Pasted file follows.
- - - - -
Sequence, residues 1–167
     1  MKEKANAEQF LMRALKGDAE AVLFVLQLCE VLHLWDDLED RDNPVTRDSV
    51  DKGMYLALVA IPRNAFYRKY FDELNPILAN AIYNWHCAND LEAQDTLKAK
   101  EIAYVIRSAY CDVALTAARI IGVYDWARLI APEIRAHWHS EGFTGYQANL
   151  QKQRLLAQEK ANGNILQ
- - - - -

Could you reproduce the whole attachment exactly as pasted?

Sequence, residues 1–167
     1  MKEKANAEQF LMRALKGDAE AVLFVLQLCE VLHLWDDLED RDNPVTRDSV
    51  DKGMYLALVA IPRNAFYRKY FDELNPILAN AIYNWHCAND LEAQDTLKAK
   101  EIAYVIRSAY CDVALTAARI IGVYDWARLI APEIRAHWHS EGFTGYQANL
   151  QKQRLLAQEK ANGNILQ